This is what the markets do. They have rallies and then they have corrections, and they will continue to do this for as long as investors are buying and selling stocks. Now the important thing to keep in mind here is that if you hold equity in solid blue chip companies with strong balance sheets and a sound business model, quite often their stock price will return to normal levels rather quickly. As a matter of fact, they will be some of the first company’s to rebound. Why? Because there is nothing fundamentally wrong with the company itself. They are simply victims of a global sell off. Think about this for a minute. People will still stop at McDonalds on their lunch break for a big mac, they will still need to put gas in their car (Exxon Mobil), they will still need to talk to their friends and family (cell phone carriers), they will still buy groceries (Whole Foods, Supervalue), and they will still stop by Starbucks on their way to work for their favorite Vente Latte. The point is that life goes on even during a recession, and as consumers continue to go about their daily routine, company’s will benefit and stock prices will return to normal levels.
Warren Buffet said it best: “Be fearful when others are greedy, and be greedy when others are fearful”. We couldn’t agree more with Mr. Buffet. Now is the the PERFECT time to buy into the markets. Stocks are extremely cheap and present great investment opportunities. How do you think the financial institutions made their millions all of these years? They bought in when the entire world was on sale. They’re not stupid. They buy when the rest of the world panics knowing well that the markets will absolutely return to normal levels at some point in time. And when this happens, they will have a front row ticket to the moon as the markets once again slingshot ahead.
If you take advantage of the dip instead of freaking out with the rest of the world, guess what’s going to happen when the markets finally start to rally again? Yes, that’s right, your portfolio will skyrocket pushed up by other investors who got in too late or who tried to time the market (shame on them)! This is why it is important to ALWAYS keep a portion of your portfolio in cash. This way, when great opportunities come along like the ones we are experiencing today, you have money on the sidelines ready to put in play.
The markets have a 100% success record of returning to new highs after a major correction, most of which occur within 3-5 years. And as history tends to repeat itself, we can pretty much assume the same thing will happen here]]>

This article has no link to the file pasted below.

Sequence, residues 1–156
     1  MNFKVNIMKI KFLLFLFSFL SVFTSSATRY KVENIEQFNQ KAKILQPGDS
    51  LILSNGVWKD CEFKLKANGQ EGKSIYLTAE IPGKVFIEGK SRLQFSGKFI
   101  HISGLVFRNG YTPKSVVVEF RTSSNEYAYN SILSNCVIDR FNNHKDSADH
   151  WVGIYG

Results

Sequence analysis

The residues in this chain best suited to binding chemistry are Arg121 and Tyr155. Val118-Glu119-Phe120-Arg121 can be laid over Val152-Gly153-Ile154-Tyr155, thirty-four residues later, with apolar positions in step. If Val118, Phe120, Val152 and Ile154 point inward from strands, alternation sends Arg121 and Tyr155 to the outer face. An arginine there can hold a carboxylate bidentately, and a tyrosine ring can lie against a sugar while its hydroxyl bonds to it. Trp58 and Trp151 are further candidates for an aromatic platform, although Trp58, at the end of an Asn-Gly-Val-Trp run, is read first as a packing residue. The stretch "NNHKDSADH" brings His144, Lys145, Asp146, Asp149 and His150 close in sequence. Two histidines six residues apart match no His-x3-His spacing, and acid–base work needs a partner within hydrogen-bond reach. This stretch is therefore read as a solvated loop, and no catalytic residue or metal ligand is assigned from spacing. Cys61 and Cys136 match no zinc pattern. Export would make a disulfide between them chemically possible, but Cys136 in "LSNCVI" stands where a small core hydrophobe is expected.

We took a look at the charts for Gold and Silver to see what we thought the future holds for these precious metals. Since Gold and Silver currently have no problem with demand, we turned to the technical charts to see where 2012 prices would land.
GOLD 2012: $1,925
We give Gold a $1,925 price target for next year. Gold’s recent run may see a pullback in the shorter term, but we think the long term trend remains intact. We also place a 10-15% chance that Gold sees a parabolic upswing towards $2,245.
China has just passed India in terms of demand for Gold. In the first quarter, 25% of demand came from China as compared to 23% from India according to the World Gold Council. Higher prices don’t seem to bother buyers either, as a European’s wish to buy it to protect against defaults, American’s against a falling dollar, and China/India against rising inflation in items like food. Property used to be the preferred asset in China, but now that the government has put the brakes on property prices, Gold is seeing increasing demand. In addition, in China, Gold is very easy to buy as most consumers can buy Gold and Silver directly at their bank or even while banking online.
The only real threat to Gold prices moving higher is rising interest rates in the West. That most likely won’t happen. First, rising interest rates would make mortgages more expensive most likely resulting in lower housing prices which wouldn’t sit well with Ben Bernanke. Second, credit isn’t really in high demand from consumers and higher rates would only be discouraging for borrowers. Finally, after last week’s economic numbers, growth doesn’t seem to be coming anytime soon.